All of the mechanistic studies indicate that (−)-sparteine is uniquely suited for the PdII -catalyzed oxidative kinetic resolution of secondary alcohols. However, in order to increase the utility of this methodology other ligands need to be identified to access the other enantiomer of the alcohol. Recently, Shi and co-workers reported the use of an axially chiral bidentate NHC ligand to achieve an oxidative kinetic resolution.26 Unfortunately, the scope is limited to only benzylic and allylic alcohols and modest krel values are achieved for the majority of substrates.

O’Brien, Stoltz, and co-workers have reported a room temperature oxidative kinetic resolution that employs ligand 10,22 which has been shown to be a (+)-sparteine mimic and can be accessed in three synthetic steps from (−)-cytisine (Table 1, conditions B).27 The catalyst can resolve a variety of benzylic (11, 12), allylic (16) and aliphatic (17, 18) substrates with krel values comparable to those of (−)-sparteine with either an O2 or air atmosphere.22 The use of ligand 10 or (−)-sparteine enables rapid access to both enantiomers of the alcohol, thus overcoming one of the greatest limitations to PdII-catalyzed oxidative kinetic resolutions of secondary alcohols. The utility of this methodology was showcased by the Stoltz laboratory in the synthesis of a variety of natural products including the formal synthesis of both antipodes of amurensinine.28 The mechanistic studies performed on the PdII-catalyzed aerobic alcohol oxidations have led to the development of new more efficient catalyst systems for aerobic oxidations of alcohols and illustrate the challenges the next generation of oxidation reactions will need to overcome.

Oxidative Heck

The Heck cross-coupling reaction of an aryl halide and an alkene has been widely employed in natural product and pharmaceutical synthesis.29 The proposed mechanism involves oxidative addition of an aryl halide to the Pd0 catalyst resulting in a PdII-aryl species, which further reacts with the alkene to generate the product.30 A potential limitation is that this sequence requires the use of an organic oxidant, which is incorporated into the product, and the use of a Pd0 catalyst is not compatible with certain types of alkene substrates.31

To further expand the scope and utility of the Heck reaction, an oxidative version that utilizes a Pd catalyst and an organometallic reagent as the aryl source would overcome some of the limitations of the traditional reaction conditions.3a The proposed mechanism is similar to the original Heck reaction, except that the PdII-aryl species B is accessed via transmetalation of an organometallic reagent with the PdII catalyst A (Fig. 4).32 The alkene coordinates to B leading to intermediate C, which undergoes migratory insertion to produce the PdII-alkyl D. Subsequent β-hydride elimination generates the alkene bound PdII-hydride complex E. Alkene dissociation leads to F and reductive elimination of HX yields the Pd0 intermediate G, which is reoxidized by molecular oxygen to complete the catalytic cycle.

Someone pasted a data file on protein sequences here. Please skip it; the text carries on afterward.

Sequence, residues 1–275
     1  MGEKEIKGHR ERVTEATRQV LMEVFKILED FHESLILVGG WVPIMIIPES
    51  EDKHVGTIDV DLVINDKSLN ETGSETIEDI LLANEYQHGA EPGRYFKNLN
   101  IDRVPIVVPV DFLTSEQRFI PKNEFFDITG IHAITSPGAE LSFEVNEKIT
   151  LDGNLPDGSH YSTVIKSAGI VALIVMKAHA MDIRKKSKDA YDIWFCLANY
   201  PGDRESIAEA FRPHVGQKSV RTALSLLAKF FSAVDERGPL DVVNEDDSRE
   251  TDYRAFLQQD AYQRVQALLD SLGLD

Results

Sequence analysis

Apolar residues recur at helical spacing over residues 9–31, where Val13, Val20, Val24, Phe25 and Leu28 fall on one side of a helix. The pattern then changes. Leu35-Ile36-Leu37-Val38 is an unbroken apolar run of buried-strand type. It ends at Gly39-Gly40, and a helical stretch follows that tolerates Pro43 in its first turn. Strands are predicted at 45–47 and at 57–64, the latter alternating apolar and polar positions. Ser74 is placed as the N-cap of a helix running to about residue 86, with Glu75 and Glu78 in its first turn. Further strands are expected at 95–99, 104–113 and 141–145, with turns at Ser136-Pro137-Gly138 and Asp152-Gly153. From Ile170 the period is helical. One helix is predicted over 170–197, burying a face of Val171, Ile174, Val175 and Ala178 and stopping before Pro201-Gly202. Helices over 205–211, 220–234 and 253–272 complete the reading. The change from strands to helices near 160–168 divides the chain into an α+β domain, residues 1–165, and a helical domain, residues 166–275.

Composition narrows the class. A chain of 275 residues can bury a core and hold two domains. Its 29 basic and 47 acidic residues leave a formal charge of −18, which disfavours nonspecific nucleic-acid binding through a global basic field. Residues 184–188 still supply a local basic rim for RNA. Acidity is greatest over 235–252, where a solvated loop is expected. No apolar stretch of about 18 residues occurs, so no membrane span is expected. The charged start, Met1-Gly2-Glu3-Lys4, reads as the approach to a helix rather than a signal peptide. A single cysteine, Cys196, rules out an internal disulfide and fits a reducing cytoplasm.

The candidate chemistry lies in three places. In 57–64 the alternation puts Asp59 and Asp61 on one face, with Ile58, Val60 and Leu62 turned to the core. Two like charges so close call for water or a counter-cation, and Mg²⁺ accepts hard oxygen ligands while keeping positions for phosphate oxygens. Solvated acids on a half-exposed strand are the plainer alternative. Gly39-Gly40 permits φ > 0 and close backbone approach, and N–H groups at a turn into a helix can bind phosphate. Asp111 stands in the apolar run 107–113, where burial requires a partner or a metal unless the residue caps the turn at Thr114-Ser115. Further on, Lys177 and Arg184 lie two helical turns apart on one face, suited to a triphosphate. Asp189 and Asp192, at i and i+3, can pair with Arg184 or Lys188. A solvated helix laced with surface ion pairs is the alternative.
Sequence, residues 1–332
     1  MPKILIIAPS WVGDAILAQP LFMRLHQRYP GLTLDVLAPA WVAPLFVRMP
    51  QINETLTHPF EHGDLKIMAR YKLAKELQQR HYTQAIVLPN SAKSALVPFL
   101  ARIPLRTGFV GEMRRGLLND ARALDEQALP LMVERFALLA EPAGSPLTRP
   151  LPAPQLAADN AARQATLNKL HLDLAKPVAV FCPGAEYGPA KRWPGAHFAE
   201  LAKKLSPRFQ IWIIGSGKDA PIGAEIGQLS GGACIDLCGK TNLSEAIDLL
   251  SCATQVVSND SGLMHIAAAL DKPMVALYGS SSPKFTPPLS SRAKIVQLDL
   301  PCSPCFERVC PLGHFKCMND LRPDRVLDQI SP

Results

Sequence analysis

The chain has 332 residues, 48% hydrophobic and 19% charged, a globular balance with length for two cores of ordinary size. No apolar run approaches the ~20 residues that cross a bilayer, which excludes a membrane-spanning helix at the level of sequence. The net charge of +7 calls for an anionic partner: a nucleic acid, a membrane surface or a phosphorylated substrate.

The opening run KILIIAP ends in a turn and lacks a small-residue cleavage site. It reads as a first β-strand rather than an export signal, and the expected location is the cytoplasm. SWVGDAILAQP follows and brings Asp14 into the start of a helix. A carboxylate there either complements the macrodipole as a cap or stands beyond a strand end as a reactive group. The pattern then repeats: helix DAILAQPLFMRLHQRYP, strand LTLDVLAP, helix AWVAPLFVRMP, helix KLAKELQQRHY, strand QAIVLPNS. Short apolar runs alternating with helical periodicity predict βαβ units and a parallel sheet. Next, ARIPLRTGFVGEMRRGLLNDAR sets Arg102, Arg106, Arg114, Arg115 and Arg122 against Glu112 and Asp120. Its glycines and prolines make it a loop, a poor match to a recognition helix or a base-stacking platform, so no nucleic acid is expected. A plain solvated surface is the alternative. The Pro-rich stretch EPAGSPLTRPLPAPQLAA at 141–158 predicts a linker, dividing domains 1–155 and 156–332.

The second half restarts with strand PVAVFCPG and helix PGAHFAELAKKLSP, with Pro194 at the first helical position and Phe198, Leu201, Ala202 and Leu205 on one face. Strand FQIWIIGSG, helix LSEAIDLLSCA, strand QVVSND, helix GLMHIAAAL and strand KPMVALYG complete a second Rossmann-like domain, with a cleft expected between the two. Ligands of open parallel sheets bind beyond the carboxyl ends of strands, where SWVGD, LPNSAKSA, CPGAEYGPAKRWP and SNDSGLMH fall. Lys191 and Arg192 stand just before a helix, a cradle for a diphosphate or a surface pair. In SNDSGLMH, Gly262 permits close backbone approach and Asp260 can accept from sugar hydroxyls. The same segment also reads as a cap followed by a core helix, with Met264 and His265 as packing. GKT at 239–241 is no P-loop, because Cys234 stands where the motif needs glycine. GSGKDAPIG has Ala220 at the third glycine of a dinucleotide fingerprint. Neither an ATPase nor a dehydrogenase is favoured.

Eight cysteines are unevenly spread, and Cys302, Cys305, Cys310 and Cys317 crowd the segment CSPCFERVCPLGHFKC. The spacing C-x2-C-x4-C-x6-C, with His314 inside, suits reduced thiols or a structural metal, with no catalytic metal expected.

Fig. 4
Proposed mechanism of the PdII-catalyzed oxidative Heck reaction.

In 1968, a seminal report by Heck demonstrated that PhHgCl underwent transmetalation with catalytic PdII to yield a PdII-aryl species, which subsequently reacts with an alkene to generate the desired oxidative Heck product.33 Almost 25 years after this report, a more practical catalytic version was disclosed by Cho and Uemura, which required the use of acetic acid as the solvent.34 Since that time, there have been numerous reports of oxidative Heck reactions with organoboronic acids,35 organotrifluoroborates,36 organosilanols,37 organostannanes,38 and organophosphonic acids39 that utilize mild reaction conditions and a variety of oxidants, including CuII salts and O2. In 2004, Larhed and co-workers published the first ligand-modulated oxidative Heck reaction of aryl boronic acid derivatives and electron deficient alkenes with O2 as the sole stoichiometric oxidant.40

This publication has led to the discovery of improved ligand-modulated oxidative Heck catalytic systems, which can be performed at room temperature under an air atmosphere and have greatly expanded the alkene scope.41 The use of ligands has also led to the first reported catalytic asymmetric oxidative Heck reaction with organoboronic acids.42 Asymmetric Heck reactions with Pd0 have been documented in the literature,43 but the identification of oxidatively stable chiral ligands, which effectively induce asymmetry, has been challenging for the PdII-catalyzed variant.3a For example, Mikami and co-workers found the flexible phosphine ligand (S,S)-chiraphos (21) in combination with Pd(OAc)2 under an O2 atmosphere generated the desired oxidative Heck product 22 (Fig. 5A).42 However, only the tri-substituted alkene 19 and the electron deficient organoboronic acid 20 were competent coupling partners under these conditions. Besides the limited scope, the modest yields and poor enantioselectivity greatly diminish the utility of this methodology.

Fig. 5
(A) One of the first examples of an asymmetric oxidative Heck reaction with the (S S)-chiraphos (21) ligand disclosed by Mikami and co-workers. (B) Jung and co-workers’ asymmetric oxidative Heck reaction with complex 24.